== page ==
Just one piece of encouraging economic news – the December US jobs report – was all it took to change the market’s mood and send stocks higher in the first few days of the New Year; but this recovery could easily prove a brief respite.
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It would be easy to imagine that the US/China trade war and the US Federal Reserve’s resolve to tighten monetary policy, which have been the two big fears hanging over the US stock market throughout 2018, are reaching some sort of stasis. The market certainly rejoiced when Fed chairman Jay Powell made the dovish comment that interest rates are “just below” the range of rates considered neutral. The Dow Jones Industrial Average index shot up by 600 points in one session, its best single-day gain since March.
This article was written in early November for the December 2018 print edition of Money Observer. Market data and share prices are likely to have since changed.
The big news this month has been the climb in US 10-year Treasury bond yields to 3.2%, their highest level since July 2011. Bond yields had been rising gently (and their prices falling), reflecting confidence that the US economy was robust enough to weather trade wars and other setbacks. However, the rise has spooked markets, forcing a reassessment of risk-free assets compared with equities.
US equities defied logic in August by climbing 3 per cent, despite the rise in the federal funds rate. The S&P 500 index has now risen by 230 per cent since 2009 – the longest bull run in history – and has a price/earnings ratio more than 50 per cent higher than its historic average.
Far from a quiet summer lull, volatility and risk-aversion intensified over the holiday season. At various times the FTSE 100 index tumbled over 100 points in a day, as markets became nervous about the Turkey crisis and deepening trade wars. US Treasury Secretary Stephen Mnuchin is warning of further sanctions to hamper Turkish competitiveness, unless pastor Andrew Brunson is released from house arrest on espionage charges. It is a row that could easily escalate.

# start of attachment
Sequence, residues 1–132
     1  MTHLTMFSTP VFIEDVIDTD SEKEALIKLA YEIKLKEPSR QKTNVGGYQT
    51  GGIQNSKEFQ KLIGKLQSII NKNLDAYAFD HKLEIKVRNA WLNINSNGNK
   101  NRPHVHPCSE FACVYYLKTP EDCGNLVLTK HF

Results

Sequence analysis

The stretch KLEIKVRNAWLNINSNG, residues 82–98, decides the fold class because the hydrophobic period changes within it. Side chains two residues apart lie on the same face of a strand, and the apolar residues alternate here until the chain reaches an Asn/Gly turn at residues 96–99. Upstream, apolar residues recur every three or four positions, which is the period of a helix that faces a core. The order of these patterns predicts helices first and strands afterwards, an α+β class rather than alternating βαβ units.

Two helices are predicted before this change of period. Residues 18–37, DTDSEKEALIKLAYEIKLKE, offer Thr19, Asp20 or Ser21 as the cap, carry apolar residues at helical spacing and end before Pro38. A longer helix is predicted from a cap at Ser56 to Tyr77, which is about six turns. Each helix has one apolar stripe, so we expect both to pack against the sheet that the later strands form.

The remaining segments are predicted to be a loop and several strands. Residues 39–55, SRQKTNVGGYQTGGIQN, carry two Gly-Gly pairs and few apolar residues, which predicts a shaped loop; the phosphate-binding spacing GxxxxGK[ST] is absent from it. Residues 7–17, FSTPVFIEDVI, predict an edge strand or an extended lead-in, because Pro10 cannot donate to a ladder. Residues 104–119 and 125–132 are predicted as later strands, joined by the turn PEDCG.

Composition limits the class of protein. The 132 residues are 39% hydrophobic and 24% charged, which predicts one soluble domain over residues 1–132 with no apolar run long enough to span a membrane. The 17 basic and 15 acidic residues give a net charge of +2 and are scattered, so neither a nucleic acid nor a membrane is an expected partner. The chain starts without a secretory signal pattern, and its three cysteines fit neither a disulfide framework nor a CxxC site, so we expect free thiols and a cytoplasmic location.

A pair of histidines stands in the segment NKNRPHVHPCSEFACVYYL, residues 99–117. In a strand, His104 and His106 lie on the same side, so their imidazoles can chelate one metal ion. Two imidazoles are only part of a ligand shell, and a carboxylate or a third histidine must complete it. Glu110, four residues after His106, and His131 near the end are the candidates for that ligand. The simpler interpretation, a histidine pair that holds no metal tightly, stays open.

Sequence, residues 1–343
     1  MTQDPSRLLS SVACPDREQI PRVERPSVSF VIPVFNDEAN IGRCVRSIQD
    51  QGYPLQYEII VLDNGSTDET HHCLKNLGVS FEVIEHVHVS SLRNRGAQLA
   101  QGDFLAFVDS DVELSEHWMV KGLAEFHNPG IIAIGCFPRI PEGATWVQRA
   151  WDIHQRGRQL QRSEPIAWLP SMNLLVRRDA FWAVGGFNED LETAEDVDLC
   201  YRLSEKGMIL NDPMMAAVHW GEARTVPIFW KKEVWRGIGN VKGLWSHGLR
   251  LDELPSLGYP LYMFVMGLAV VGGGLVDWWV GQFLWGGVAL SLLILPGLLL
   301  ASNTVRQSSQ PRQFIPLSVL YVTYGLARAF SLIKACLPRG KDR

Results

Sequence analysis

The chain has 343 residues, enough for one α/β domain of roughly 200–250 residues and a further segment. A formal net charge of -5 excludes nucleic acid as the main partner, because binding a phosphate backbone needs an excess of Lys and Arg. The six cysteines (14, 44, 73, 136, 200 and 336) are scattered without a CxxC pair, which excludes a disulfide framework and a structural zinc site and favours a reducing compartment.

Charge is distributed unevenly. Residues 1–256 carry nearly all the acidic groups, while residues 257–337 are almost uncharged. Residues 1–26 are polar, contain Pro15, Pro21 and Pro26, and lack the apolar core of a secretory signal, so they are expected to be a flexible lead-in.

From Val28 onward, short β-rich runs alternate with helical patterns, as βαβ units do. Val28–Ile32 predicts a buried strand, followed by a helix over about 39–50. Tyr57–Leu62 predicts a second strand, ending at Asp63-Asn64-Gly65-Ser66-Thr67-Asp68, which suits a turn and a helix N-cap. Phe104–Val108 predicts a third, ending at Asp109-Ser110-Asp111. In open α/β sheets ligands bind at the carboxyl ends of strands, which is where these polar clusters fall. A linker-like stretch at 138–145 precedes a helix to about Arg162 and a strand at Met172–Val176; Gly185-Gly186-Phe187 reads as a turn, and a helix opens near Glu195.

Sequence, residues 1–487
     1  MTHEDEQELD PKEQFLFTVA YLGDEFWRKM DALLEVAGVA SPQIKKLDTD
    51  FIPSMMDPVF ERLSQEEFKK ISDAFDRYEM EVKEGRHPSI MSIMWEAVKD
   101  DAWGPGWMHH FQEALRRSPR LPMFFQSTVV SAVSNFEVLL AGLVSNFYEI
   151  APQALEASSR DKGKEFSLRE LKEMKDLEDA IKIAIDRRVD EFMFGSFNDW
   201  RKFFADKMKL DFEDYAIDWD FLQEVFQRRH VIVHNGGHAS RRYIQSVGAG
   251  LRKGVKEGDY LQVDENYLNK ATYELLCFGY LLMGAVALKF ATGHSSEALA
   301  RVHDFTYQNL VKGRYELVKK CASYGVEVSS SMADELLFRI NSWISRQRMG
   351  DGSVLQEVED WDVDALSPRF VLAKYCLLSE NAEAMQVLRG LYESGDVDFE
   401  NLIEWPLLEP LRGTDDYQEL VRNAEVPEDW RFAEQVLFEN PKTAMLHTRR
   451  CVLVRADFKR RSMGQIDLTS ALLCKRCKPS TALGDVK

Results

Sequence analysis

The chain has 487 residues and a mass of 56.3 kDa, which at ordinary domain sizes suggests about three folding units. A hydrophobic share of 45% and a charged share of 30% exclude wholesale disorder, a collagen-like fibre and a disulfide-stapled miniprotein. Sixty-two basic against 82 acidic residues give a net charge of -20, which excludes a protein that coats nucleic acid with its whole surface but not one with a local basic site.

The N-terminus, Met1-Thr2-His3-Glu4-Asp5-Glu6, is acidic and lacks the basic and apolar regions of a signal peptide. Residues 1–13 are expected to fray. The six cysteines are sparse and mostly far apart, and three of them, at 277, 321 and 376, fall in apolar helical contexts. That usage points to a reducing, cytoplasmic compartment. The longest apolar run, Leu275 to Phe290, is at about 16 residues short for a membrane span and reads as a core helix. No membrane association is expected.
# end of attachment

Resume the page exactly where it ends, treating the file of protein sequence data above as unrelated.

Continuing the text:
Trade war is the talking point this month, particularly after 51 US trade groups got together to warn US president Donald Trump of the ‘serious negative impacts’ of his tariffs. Some of the US’s most influential trade bodies – many focused on retail, car manufacture and agriculture – want a bill to curb the president’s powers by requiring the US Congress to approve any new tariff s.
The calm of May has given way to a big spike in stock market volatility. June kicked off with a crisis in Italy, further Brexit setbacks and sinister political antics from Donald Trump. Markets on both sides of the Atlantic are swinging sharply day by day, sometimes on the flimsiest of rationales.
Stock markets can be perverse. Having been braced for the fallout from the US administration’s decision to exit the Iran nuclear deal and impose severe sanctions, the S&P 500 index has surprised everyone by surging ahead. In fact, while the market plummeted during president Trump’s speech announcing the move, it finished the session higher.
Investor sentiment for developed markets has weakened, with some major indices displaying the dreaded ‘death cross.